Definition of prohibition in English:

prohibition

noun

  • 1The action of forbidding something, especially by law.

    ‘they argue that prohibition of drugs will always fail’
    • ‘The strongest argument against prohibition is that it does not stop people from using drugs.’
    • ‘They do not even tell us whether the costs of drug use are lower than they would be without prohibition.’
    • ‘Any action carrying a risk of major disaster must be prohibited, regardless of the costs of prohibition.’
    • ‘Ultimately, however, we do not believe that these arguments are sufficient reason to weaken society's prohibition of intentional killing.’
    • ‘Very few people in this country now believe that drug prohibition can work.’
    • ‘The one on drug prohibition was also very important to me.’
    • ‘Beyond the substantial fiscal costs of enforcing the prohibition of cannabis, the social costs of such policies are considerable.’
    • ‘Marijuana may be relatively harmless, but marijuana prohibition is deadly.’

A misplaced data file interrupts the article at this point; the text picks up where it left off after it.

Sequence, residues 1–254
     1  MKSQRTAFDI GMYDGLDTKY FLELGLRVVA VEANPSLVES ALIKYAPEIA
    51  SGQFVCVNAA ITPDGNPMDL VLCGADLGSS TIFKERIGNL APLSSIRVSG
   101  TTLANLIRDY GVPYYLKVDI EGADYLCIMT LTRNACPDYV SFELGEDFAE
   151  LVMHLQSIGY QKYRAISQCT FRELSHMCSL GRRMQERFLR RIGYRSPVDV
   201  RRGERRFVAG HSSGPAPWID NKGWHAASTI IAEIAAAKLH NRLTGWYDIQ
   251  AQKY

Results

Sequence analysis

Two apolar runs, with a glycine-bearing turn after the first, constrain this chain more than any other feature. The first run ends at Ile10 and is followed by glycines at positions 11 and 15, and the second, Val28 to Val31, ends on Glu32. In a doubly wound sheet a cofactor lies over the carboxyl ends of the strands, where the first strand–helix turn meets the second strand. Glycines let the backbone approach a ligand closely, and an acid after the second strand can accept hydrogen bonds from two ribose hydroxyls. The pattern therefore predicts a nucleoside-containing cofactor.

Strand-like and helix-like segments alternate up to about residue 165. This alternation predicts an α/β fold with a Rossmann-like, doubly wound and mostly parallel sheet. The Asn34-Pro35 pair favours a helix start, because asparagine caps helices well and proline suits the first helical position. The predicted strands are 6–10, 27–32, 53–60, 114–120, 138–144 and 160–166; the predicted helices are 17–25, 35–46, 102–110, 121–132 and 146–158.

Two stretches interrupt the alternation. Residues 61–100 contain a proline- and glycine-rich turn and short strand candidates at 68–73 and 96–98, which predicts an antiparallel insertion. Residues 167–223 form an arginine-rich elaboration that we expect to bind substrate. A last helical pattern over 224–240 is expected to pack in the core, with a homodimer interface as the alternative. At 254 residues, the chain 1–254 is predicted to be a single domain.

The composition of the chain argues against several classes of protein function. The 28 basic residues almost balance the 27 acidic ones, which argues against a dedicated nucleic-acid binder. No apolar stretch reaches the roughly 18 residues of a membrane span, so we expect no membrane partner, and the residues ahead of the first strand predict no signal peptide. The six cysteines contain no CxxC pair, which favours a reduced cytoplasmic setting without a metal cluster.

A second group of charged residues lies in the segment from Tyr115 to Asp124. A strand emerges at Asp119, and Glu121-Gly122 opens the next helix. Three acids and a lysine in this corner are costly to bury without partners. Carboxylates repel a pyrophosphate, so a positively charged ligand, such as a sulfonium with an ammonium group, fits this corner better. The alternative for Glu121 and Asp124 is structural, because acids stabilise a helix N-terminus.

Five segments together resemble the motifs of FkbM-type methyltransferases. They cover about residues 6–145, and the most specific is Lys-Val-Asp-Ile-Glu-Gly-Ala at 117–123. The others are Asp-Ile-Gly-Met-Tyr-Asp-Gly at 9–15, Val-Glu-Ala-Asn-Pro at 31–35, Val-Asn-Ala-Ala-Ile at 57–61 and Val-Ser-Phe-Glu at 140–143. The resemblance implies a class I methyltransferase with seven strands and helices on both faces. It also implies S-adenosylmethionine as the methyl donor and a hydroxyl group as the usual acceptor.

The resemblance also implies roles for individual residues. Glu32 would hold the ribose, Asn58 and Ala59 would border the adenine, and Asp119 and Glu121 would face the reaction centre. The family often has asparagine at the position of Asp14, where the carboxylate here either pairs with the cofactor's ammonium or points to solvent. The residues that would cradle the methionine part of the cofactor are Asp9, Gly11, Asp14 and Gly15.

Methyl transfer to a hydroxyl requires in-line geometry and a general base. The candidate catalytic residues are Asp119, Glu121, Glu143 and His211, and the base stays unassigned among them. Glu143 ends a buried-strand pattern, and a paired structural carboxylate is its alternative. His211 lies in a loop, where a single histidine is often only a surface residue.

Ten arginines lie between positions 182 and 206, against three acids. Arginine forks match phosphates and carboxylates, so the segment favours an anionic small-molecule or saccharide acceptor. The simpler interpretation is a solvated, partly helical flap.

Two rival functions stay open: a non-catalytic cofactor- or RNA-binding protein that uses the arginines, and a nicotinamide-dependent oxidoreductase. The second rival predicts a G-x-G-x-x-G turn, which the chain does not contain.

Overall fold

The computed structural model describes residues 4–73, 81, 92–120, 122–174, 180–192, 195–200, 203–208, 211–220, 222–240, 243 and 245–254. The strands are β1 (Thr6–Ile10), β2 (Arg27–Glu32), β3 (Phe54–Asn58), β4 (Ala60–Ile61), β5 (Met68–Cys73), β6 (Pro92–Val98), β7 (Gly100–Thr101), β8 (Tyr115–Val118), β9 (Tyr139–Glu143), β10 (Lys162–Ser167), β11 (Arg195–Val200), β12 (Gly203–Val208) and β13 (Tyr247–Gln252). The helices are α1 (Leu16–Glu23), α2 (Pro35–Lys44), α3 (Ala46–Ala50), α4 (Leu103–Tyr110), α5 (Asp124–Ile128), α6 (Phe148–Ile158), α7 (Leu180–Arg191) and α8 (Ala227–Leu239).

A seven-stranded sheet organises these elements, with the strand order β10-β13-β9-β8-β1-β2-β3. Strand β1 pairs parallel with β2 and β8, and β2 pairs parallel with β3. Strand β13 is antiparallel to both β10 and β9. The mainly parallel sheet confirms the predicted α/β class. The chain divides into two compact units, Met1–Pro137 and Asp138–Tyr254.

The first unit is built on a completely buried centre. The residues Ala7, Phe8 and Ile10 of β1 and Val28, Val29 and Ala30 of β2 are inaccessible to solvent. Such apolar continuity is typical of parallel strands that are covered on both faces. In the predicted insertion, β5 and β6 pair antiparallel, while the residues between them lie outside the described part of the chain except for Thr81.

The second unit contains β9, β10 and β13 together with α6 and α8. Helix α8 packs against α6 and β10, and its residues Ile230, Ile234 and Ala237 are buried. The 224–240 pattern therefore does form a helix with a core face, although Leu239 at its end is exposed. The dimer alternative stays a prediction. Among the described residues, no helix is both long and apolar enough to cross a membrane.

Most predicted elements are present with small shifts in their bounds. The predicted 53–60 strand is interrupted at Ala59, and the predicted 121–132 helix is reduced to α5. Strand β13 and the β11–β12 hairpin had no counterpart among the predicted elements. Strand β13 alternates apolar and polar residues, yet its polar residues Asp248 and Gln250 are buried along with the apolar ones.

• ‘It's one more example of drug prohibition doing more harm than good.’
    • ‘The blanket prohibition of drugs, I think, is wrong.’
    • ‘The caller suggests that there is full prohibition of guns in France, but the rate of crime in France has increased significantly recently.’
    • ‘Canadians have lost our sense of what is right and wrong over drug prohibition.’
    • ‘The criminalization of responsible drug users is only one of the many pointless aspects of drug prohibition.’
    • ‘The international prohibition of drugs is their lifeblood, and a guarantee of on-going civil war.’
    • ‘Turvey has long argued against drug prohibition, yet he increasingly applauds and encourages enforcement measures.’
    • ‘I'd like to promote elimination of drug prohibition.’
    • ‘Thus, prohibition would be argued for on religious as well as on alleged scientific or medicinal grounds.’
    • ‘Harm reduction interventions have the potential to reduce the perils of both drug use and drug prohibition.’
    • ‘Even if surrogacy did breach some attractive moral principle, this would not automatically justify legislative prohibition.’
    banning, forbidding, prohibiting, barring, debarment, vetoing, proscription, disallowing, disallowance, interdiction, outlawing, making illegal
    ban, bar, interdict, veto, embargo, injunction, proscription, boycott, moratorium
    View synonyms
    1. 1.1[count noun]A law or regulation forbidding something.
      ‘prohibitions on insider dealing’
      • ‘There are eight classes of injunctions and prohibitions which apply to all deeds and actions of mankind.’
      • ‘I am not satisfied that they contravened the specific prohibition.’